Dante’s Inferno: The poetry of Hell
Inferno is the voyage through Hell written by Dante in 14th century Italy. Joining Rajan Datar is Dr Vittorio Montemaggi; Professor Claire Honess, and Professor Sangjin Park.
Inferno is the 14th century epic that tells the story of Dante Alighieri’s imaginary journey through the underworld. It is the first part of Dante’s The Divine Comedy, and is widely considered to be one of the world’s greatest poems. “Abandon all hope you who enter here” is the famous phrase inscribed on the gates of Dante’s Inferno, and Hell is divided into nine circles, with cruel and unusual punishments afflicting the sinners, who range from the lustful and cowardly in the upper circles to the malicious at the bottom of Hell. Joining Rajan Datar to explore Dante’s Inferno is Dr Vittorio Montemaggi, author of Reading Dante’s Commedia as Theology; Claire Honess, Professor of Italian studies at the University of Leeds, and Sangjin Park, Professor of Italian at Busan University of Foreign studies in South Korea, who will be speaking about the role Inferno played in shaping Korea’s national identity.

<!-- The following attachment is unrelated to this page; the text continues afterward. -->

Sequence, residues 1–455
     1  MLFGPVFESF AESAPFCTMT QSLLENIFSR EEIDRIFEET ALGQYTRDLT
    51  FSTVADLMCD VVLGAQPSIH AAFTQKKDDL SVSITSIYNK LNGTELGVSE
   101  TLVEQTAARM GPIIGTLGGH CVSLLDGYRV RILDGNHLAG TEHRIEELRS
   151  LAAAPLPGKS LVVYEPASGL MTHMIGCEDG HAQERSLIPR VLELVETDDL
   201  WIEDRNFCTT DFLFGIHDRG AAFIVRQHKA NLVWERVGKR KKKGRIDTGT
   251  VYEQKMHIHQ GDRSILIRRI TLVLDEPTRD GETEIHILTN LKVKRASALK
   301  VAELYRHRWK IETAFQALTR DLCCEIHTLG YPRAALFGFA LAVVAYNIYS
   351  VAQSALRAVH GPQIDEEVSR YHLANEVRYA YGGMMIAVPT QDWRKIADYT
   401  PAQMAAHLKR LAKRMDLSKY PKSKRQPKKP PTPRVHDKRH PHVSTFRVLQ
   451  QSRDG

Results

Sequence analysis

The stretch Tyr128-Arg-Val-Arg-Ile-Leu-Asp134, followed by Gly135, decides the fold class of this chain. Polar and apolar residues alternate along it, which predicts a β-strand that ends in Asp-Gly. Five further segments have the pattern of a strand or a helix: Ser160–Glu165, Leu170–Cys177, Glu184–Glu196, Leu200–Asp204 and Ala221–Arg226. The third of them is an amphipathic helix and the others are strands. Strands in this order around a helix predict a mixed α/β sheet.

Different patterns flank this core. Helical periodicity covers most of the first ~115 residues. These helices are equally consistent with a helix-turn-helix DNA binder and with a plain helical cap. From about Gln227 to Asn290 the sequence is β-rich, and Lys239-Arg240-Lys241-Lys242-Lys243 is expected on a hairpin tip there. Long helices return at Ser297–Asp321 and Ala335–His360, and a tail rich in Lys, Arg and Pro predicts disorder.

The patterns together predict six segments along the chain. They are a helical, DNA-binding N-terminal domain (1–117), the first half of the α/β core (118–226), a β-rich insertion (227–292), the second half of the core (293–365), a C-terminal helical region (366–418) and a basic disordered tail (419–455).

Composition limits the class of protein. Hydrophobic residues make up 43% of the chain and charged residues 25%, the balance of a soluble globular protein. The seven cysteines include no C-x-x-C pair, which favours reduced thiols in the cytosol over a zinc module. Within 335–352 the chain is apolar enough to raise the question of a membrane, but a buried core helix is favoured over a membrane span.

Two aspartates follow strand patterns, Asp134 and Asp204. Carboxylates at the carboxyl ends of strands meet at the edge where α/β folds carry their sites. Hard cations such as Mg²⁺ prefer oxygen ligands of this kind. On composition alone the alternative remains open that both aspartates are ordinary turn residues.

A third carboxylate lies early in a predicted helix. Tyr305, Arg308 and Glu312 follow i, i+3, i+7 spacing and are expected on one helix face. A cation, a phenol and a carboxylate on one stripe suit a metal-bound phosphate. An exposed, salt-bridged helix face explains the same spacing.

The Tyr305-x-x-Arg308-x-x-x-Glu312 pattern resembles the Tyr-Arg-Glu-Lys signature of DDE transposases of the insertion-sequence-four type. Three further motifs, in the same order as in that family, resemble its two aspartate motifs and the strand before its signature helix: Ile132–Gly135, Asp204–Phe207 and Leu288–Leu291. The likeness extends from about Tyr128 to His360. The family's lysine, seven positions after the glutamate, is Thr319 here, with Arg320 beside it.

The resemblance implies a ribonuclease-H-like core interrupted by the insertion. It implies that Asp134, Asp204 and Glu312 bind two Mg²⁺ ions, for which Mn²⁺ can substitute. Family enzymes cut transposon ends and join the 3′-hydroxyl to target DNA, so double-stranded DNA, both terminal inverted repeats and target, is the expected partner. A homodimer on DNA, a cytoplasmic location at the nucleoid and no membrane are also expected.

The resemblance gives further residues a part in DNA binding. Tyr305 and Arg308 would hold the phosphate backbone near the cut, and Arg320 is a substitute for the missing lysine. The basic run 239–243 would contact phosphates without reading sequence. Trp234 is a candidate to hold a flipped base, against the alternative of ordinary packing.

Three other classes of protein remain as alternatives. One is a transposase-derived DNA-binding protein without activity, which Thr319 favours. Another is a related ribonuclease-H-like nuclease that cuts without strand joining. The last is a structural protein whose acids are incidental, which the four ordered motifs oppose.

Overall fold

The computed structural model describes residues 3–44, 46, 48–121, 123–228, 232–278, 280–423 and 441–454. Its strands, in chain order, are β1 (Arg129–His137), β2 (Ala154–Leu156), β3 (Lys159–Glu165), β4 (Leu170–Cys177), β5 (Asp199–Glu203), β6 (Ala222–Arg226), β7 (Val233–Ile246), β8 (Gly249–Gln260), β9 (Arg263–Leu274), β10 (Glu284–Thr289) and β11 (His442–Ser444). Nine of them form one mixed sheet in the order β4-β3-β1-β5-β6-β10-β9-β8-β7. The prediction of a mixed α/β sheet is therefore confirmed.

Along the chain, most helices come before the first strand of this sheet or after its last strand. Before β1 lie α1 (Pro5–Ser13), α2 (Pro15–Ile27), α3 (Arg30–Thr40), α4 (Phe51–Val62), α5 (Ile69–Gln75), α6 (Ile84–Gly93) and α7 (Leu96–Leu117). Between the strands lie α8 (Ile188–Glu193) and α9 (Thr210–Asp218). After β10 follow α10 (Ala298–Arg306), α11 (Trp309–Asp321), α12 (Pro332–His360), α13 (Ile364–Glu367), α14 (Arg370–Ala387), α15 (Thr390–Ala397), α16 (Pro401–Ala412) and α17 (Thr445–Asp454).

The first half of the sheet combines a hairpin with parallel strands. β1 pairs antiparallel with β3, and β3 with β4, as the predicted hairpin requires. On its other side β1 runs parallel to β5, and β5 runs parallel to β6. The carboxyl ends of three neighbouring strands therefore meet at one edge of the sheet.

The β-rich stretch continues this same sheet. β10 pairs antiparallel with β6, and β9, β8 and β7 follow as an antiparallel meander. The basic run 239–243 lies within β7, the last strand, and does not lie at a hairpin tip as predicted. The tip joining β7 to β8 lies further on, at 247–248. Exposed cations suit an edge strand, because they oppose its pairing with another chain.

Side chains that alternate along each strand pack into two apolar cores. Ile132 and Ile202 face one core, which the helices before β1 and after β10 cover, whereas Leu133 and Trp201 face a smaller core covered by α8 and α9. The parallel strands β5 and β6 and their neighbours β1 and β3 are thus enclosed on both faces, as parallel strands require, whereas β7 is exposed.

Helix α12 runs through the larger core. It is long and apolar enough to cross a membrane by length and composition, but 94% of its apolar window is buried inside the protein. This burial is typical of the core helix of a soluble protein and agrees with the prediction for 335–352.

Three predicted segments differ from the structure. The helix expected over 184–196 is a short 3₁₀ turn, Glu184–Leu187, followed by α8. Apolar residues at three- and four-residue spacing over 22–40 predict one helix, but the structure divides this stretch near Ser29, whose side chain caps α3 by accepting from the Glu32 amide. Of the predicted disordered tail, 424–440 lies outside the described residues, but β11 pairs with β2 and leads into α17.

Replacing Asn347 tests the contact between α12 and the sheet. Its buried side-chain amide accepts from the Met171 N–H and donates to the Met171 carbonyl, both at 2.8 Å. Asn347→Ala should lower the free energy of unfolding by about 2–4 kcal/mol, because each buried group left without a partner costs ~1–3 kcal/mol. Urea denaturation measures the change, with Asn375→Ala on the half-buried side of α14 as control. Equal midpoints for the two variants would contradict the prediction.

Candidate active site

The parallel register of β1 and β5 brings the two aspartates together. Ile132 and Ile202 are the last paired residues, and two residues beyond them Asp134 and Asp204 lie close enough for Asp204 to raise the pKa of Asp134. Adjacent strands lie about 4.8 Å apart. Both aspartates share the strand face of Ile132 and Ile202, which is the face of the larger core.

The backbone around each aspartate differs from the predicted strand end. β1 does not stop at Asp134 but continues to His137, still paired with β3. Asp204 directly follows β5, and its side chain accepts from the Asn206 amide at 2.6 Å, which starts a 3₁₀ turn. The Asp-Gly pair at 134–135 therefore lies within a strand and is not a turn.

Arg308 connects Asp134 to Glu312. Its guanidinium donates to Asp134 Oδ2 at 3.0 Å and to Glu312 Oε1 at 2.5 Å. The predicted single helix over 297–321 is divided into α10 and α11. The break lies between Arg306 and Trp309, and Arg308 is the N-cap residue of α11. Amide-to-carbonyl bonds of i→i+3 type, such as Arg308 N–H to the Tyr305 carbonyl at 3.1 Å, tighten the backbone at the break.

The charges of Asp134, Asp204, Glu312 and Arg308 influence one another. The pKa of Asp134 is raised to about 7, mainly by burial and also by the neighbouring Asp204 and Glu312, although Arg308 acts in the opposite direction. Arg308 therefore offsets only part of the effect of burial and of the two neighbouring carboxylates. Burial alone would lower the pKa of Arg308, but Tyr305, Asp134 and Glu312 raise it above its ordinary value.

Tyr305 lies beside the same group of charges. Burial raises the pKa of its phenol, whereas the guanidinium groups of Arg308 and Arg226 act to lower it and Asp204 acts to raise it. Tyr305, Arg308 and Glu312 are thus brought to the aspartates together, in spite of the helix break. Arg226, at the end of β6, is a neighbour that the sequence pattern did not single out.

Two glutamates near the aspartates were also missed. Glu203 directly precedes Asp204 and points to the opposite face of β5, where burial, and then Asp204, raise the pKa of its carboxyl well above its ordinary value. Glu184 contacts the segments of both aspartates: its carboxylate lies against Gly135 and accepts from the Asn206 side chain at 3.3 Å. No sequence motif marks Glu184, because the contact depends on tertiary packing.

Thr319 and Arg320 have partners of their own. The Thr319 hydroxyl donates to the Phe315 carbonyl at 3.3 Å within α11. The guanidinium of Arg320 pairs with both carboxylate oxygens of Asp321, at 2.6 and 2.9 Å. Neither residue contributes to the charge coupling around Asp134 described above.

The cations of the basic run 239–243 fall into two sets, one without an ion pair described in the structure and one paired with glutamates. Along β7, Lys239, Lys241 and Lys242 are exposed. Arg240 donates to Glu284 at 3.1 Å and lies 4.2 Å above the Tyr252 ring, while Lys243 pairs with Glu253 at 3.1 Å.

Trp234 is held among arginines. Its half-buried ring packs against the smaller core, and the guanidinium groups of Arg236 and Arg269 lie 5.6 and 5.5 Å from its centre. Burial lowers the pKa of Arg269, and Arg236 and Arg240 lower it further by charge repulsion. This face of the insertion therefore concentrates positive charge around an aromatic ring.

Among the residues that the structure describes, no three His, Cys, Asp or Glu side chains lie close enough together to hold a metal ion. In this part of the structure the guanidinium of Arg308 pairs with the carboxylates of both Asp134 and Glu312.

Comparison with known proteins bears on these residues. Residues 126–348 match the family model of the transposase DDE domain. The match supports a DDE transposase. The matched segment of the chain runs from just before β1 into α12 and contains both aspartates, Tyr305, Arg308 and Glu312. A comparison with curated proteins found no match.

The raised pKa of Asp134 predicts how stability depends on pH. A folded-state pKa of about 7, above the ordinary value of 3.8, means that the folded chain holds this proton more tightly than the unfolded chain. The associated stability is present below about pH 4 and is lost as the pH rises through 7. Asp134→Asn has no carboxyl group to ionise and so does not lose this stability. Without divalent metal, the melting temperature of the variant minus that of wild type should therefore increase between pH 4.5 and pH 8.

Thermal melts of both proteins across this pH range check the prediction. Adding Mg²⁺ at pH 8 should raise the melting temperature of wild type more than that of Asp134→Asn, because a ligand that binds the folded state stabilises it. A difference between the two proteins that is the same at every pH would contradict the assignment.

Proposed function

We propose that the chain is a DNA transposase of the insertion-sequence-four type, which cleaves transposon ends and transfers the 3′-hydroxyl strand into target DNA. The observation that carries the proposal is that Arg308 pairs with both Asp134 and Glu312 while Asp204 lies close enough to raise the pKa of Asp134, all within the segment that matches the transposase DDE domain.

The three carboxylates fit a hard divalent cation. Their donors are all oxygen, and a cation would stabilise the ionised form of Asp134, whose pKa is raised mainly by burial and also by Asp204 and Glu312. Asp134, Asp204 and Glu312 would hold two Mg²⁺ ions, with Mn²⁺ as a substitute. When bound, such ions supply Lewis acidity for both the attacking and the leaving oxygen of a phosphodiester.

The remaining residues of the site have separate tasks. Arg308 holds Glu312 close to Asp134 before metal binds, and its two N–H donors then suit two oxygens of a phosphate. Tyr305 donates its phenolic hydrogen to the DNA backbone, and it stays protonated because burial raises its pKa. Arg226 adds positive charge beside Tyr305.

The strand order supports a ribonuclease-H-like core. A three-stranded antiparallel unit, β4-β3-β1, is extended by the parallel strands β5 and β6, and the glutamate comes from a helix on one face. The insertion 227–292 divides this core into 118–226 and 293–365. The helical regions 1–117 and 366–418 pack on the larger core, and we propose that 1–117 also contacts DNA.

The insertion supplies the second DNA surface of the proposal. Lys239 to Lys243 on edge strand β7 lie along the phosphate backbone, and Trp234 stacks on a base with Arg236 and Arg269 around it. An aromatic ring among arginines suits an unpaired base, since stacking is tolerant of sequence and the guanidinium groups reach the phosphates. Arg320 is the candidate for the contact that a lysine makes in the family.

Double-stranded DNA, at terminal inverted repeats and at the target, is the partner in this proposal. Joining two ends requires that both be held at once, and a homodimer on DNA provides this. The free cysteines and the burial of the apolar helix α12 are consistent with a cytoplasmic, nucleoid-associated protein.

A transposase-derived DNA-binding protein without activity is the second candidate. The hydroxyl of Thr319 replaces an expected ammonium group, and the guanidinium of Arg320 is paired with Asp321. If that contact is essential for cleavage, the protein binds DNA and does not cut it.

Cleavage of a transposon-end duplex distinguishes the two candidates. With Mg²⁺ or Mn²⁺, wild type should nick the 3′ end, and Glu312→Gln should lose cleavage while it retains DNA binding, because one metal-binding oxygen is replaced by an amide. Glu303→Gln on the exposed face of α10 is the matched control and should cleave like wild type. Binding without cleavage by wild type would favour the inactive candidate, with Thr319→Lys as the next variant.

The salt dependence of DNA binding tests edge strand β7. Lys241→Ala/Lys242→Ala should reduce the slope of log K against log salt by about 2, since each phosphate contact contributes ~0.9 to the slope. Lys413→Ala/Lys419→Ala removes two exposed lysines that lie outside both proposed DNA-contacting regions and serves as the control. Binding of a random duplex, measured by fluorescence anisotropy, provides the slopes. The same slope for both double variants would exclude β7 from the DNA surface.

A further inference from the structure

Photo: A visual interpretation of red hell-fire (Getty Images)
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